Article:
Proper oxygen delivery to the tissues requires sufficient circulating mature red cells, and any appropriate therapy should be aimed at correcting this. An important caveat is that excessive red cells may cause a sluggish circulation that can cause ischaemia, leading to serious complications (e.g. myocardial infarction and stroke). The simplified circuit presented here to describe the process of erythropoiesis (Figure 2.9) indicates three potential routes for therapeutic intervention. The first is to correct nutritional deficiencies, usually iron and less commonly folate or vitamin B12. The recent discovery of the role of the iron-regulatory peptide hepcidin in the anaemias of chronic disorders suggests that some remaining common forms of anaemia related to this class (caused by inability to use stored iron) may be amenable to rational treatment in the not too distant future. A second frequently used approach is to correct anaemia, of any cause, with red cell transfusion, and the criteria for such treatment are set out in other sections of this book. The final approach is to increase erythropoiesis by administering recombinant human erythropoietin (rHuEpo). Following its considerable benefit to patients with the anaemia of chronic renal failure who are not capable of making normal levels of Epo, rHuEpo has been assessed in a wide range of disorders (e.g. aplastic anaemia, red cell aplasia, thalassaemia intermedia, cancer of all types, haematological malignancy, myelodysplastic syndrome, rheumatoid arthritis, autologous blood donors, after stem cell transplantation and more). A review of its effectiveness in these situations is beyond the scope of this chapter, but the considerable expense involved in treating patients, often over relatively long periods of time, with a hormone that does not always directly address the known pathophysiology of the anaemia requires careful consideration.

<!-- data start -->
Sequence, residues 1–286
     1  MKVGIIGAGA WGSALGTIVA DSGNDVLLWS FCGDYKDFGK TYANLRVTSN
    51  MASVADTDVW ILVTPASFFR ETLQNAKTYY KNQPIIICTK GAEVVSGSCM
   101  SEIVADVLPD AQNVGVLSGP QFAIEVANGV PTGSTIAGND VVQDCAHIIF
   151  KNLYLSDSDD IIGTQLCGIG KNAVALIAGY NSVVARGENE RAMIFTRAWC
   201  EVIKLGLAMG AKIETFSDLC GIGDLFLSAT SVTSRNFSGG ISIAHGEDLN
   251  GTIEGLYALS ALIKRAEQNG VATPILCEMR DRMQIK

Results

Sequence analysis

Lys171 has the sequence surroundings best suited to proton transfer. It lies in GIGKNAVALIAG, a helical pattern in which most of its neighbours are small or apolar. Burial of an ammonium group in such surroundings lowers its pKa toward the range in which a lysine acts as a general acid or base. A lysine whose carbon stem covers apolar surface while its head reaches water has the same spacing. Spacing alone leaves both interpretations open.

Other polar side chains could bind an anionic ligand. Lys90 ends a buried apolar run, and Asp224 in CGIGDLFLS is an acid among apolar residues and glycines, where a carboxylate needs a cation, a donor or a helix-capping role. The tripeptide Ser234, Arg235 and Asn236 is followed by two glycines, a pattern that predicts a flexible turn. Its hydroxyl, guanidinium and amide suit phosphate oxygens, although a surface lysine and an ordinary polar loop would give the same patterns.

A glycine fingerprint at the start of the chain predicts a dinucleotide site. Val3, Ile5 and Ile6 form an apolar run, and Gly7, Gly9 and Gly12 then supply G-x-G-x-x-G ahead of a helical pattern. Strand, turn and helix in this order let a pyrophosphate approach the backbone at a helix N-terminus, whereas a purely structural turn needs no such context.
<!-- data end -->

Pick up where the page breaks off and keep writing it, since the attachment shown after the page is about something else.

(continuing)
Finally, there are some conditions in which hormonal deficiency is known to contribute to anaemia (e.g. hypothyroidism, Addison's disease). In these cases appropriate correction of the hormonal deficiency logically helps correct the anaemia. Some rare forms of anaemia respond to a variety of therapies for unexplained reasons. For example, some cases of Diamond-Blackfan anaemia (DBA) respond to corticosteroids, and some cases of congenital dyserythropoietic anaemia (CDA) respond to ainterferon, suggesting that there are still many unknown aspects to this clinically important and intellectually fascinating process of erythropoiesis.